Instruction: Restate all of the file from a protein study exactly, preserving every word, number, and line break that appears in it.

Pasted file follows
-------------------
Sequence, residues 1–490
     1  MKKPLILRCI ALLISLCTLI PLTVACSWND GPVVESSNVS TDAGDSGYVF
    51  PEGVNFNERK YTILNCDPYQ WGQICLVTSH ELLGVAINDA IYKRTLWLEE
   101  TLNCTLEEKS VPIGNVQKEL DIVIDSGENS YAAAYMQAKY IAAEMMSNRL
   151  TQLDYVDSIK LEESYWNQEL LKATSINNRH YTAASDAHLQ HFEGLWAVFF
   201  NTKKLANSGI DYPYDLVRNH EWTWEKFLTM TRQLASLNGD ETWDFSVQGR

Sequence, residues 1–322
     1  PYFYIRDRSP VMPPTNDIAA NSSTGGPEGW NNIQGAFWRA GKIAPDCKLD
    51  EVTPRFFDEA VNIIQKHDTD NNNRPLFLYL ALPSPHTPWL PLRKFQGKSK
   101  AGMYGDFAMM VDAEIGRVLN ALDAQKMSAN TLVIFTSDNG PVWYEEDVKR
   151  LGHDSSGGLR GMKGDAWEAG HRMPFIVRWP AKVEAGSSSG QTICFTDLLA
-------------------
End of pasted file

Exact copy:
Sequence, residues 1–490
     1  MKKPLILRCI ALLISLCTLI PLTVACSWND GPVVESSNVS TDAGDSGYVF
    51  PEGVNFNERK YTILNCDPYQ WGQICLVTSH ELLGVAINDA IYKRTLWLEE
   101  TLNCTLEEKS VPIGNVQKEL DIVIDSGENS YAAAYMQAKY IAAEMMSNRL
   151  TQLDYVDSIK LEESYWNQEL LKATSINNRH YTAASDAHLQ HFEGLWAVFF
   201  NTKKLANSGI DYPYDLVRNH EWTWEKFLTM TRQLASLNGD ETWDFSVQGR

Sequence, residues 1–322
     1  PYFYIRDRSP VMPPTNDIAA NSSTGGPEGW NNIQGAFWRA GKIAPDCKLD
    51  EVTPRFFDEA VNIIQKHDTD NNNRPLFLYL ALPSPHTPWL PLRKFQGKSK
   101  AGMYGDFAMM VDAEIGRVLN ALDAQKMSAN TLVIFTSDNG PVWYEEDVKR
   151  LGHDSSGGLR GMKGDAWEAG HRMPFIVRWP AKVEAGSSSG QTICFTDLLA